were on a street behind our hotel. The buildings wee funky. The rightmost one has the top portion leaning to the left and asymetrical. The nearby St Jacobs Church
was hosting a wedding, with sedans parked outside covered in flowers. In front of the church and the 3 brothers buildings were artists painting and selling their works. I walked to the Swedish Gate
where the legend said a girl who was to elope with her Swedish boyfriend was not able to get out of the city because the gate was closed, and she hung herself nearby! Then along the longest building in Riga, the St James' Barracks, yellow buildings with restaurants, and amber shops in basements.
Same building, a bit to the right, beautiful art-nouveau in Riga,
Across from it was the remains of the city fortication walls and one tower. 3 lovely girls were singing Latvian songs nearby.
I paid a quick visit to the War Museum in the Powder Tower at the end of the barracks, and then quickly walked back to the hotel and boarded the bus with our tour group to see the memorial for the Jews killed during WWII by the Nazis.
The first stop was the memorial at Great Coral Synagogue, where hundreds of Jews sought refugee but only to be burned to death with the synagogue itself on July 4, 1941. The memorial looked like the remains of the synagogue but was constructed afterwards. Then we went outside of town for the memorial in the Rumbula forest where 25000 Jews were killed on November 30, 1941.
Look at those faces on the top of the building!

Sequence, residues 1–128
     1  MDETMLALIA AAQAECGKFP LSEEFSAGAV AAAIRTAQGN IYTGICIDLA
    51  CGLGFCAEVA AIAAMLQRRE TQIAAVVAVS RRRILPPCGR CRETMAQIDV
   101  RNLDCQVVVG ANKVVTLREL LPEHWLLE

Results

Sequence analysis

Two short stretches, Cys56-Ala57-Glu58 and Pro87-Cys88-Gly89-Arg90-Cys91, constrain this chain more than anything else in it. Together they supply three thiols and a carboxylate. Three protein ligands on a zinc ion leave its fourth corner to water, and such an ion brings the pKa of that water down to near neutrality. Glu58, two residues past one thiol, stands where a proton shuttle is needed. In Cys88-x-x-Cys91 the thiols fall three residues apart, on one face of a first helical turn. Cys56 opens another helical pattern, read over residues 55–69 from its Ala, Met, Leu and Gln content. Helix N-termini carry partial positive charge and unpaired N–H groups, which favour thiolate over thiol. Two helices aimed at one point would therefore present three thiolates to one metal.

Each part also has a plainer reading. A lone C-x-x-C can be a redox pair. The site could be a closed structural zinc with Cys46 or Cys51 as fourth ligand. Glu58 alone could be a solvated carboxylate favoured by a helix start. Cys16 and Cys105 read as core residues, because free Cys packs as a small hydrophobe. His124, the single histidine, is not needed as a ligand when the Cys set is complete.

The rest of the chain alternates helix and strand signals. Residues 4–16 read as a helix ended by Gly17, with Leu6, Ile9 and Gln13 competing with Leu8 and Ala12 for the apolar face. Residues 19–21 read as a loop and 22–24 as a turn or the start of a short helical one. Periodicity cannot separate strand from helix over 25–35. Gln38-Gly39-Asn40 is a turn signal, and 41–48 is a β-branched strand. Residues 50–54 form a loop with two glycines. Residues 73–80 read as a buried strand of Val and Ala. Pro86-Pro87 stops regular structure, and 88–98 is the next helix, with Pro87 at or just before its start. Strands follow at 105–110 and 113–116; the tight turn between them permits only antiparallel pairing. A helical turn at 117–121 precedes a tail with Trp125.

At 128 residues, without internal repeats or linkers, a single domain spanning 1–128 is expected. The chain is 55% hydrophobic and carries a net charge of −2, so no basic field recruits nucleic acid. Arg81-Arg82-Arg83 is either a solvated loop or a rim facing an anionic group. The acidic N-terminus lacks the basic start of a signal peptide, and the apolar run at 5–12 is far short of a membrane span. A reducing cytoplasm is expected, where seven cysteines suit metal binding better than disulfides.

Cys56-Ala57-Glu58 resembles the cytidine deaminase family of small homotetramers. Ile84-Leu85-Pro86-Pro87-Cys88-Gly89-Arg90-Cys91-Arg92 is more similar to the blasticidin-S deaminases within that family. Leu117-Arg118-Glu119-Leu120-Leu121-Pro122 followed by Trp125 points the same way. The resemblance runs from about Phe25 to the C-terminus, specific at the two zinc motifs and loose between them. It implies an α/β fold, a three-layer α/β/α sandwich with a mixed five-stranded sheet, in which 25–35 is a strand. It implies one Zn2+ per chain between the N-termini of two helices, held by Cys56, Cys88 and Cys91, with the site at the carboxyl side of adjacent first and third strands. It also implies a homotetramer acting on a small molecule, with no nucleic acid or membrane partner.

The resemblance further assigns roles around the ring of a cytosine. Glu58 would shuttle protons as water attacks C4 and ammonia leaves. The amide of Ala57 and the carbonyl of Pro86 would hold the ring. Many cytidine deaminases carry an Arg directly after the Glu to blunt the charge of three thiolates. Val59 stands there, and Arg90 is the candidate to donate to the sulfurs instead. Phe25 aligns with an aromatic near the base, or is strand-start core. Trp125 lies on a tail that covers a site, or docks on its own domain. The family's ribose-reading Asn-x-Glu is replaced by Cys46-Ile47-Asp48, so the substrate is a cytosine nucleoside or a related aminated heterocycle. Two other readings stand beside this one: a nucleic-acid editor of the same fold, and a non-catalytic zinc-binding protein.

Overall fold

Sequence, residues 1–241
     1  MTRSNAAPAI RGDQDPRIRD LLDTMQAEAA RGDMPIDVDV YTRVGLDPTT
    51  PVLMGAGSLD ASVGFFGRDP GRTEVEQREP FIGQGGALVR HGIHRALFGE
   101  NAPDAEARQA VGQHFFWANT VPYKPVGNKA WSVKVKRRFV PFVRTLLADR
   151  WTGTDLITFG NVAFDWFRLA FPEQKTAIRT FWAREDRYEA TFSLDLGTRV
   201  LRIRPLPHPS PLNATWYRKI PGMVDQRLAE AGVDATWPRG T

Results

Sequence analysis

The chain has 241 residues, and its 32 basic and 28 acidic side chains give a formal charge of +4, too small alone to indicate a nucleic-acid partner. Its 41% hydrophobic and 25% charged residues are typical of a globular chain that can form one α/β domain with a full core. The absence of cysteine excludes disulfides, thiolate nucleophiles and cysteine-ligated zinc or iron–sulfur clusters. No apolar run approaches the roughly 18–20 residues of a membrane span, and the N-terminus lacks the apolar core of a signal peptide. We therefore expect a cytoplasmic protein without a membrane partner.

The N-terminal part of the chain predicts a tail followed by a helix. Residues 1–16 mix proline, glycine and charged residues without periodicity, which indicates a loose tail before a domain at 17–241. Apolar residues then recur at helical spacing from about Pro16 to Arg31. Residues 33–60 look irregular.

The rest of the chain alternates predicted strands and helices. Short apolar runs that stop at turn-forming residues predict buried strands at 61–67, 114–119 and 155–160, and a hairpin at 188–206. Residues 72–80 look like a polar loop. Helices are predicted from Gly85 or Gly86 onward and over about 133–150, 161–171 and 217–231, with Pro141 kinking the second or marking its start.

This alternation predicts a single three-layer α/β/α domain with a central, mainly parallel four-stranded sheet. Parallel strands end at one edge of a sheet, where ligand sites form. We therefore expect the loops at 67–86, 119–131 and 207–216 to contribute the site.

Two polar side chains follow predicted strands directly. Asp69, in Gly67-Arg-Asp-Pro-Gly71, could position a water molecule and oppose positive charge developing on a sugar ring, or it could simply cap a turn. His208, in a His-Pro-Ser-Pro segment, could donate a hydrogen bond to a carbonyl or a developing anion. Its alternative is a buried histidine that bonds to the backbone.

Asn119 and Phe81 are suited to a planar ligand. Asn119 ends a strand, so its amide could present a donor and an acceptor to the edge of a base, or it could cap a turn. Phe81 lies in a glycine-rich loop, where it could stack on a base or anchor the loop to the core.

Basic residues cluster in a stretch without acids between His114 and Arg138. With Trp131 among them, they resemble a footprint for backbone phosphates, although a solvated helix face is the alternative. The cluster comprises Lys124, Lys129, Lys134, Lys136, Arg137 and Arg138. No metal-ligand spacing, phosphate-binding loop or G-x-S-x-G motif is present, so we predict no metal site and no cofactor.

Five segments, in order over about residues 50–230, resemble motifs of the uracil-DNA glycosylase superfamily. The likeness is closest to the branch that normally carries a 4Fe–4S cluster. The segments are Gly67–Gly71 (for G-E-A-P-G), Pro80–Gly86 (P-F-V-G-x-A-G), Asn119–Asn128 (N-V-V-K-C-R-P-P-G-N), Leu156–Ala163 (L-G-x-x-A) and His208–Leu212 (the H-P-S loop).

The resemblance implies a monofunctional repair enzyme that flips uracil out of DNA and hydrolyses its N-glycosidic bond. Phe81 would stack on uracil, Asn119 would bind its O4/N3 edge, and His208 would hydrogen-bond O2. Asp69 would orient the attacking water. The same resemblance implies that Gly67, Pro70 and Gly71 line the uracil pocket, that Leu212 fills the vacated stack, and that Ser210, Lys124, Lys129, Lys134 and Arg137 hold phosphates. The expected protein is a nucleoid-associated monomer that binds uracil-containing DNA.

Our guide told us these people were roused out of bed from the Jewish ghetto and made to march the 11km to the forest. The memorial was many stones standing in a small area, carved on the faces of the stones were names of some of the known victims. The leaves in the forest were rustling and it felt like they were whispering. It was a sobering visit.
Dinner at the Steak House, since the Lativian restaurnt Alus Seta off Dome Square we first tried did not take credit cards. So we just had a more ordinary dinner. The window seat at the restaurant provided us with great view of the street outside though, and apparently cruising in you fancy foreign car was a local pastime on a Friday evening, so we watched Ferraris, Porsches, Volvos cruising by again and again with young man or woman driving them.
These huge 3 dimensional faces sit atop another art-nouveau building in Riga
Later we talked to some people who went to the Alus Seta, and they had an interesting experience: they did not recognize some of the foods, and asked the worker there; they were told it was "chicken", but later a local old woman at the restaurant told them it was really "goat", by signing two little horns on her head!
I thought this was a fine city and liked it a lot.